| Introduction|| |
Chronic pulmonary diseases and cardiovascular diseases occur due to cigarette smoking.  C-reactive protein (CRP) is an inflammatory marker that raises in inflammation that occurs due to smoking. , Adipocytes and macrophages release cytokines which radically increases synthesis of CRP. ,
People with increased levels of CRP are on higher risk to develop obesity, diabetes, cardiovascular diseases, and hypertension. , It has been experienced that the smoker males had increased levels of serum CRP as compared to nonsmokers.  It has been observed that people with altered blood pressure and obesity has affected vascular endothelial function; it occurs due to hypomagnesaemia and increase in plasma levels of CRP in cellular processes. , Healthy smokers have more insulin resistance which is a characteristics of metabolic syndrome as compared to nonsmokers.
It is also seen that they have also increased glucose levels, decreased high density lipoproteins (HDL) cholesterol, and much more very low-density lipoproteins (VLDL) cholesterol. Since these variables are not direct measures of magnesium levels in smokers even then they clearly show that smoking decreases cellular magnesium concentration.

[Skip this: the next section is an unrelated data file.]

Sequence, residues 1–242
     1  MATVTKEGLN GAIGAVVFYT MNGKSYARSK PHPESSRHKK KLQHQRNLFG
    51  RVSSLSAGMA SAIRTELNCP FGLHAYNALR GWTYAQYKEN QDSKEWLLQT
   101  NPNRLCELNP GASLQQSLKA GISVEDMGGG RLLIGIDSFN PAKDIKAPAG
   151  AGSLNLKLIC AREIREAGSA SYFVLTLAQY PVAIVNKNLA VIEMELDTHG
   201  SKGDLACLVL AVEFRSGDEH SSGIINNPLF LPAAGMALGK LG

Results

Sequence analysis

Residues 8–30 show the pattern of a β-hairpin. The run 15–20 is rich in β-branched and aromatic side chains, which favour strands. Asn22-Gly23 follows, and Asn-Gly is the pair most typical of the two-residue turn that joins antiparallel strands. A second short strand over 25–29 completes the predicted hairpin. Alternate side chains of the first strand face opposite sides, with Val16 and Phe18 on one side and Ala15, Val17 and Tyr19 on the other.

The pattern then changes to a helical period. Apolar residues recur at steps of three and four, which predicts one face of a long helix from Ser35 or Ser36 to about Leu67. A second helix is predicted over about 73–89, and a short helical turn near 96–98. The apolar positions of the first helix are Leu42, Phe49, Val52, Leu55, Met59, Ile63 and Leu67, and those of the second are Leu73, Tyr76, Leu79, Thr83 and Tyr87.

The purpose of present study was to find out the inverse relation between serum levels of CRP and magnesium in smokers.
Systemic acute phase reaction occurs due to inflammation,  different studies calculated the level of circulating CRP which shows the severity of inflammation. ,,,, The major initiator, interlukin-6, released by hepatocyte increases the synthesis of CRP in acute phase reactants. ,,, CRPs causes neutrophil aggregation and activates tissue factor production. Magnesium intake was inversely associated with plasma CRP concentrations.
| Materials and Methods|| |
In this case-control study, we took 192 healthy subjects including 96 smokers and 96 nonsmokers (age range 20-40 years). All subjects belonged to Matyari district of Hyderabad. We assessed serum CRP and magnesium levels in smokers and nonsmokers. These levels were measured to assess the effect of smoking. A written consent was obtained from every subject who was involved in our study before taking blood sample. The ethical approval of the study was granted by the ethical committee. The serum levels for CRP and magnesium were determined by standard methods using NycoCard and DiaSys kits, respectively. We included all the patients, who were smokers but healthy, having no any associated diseases like chronic obstructive pulmonary disease (COPD), obesity, angina, or myocardial infarction.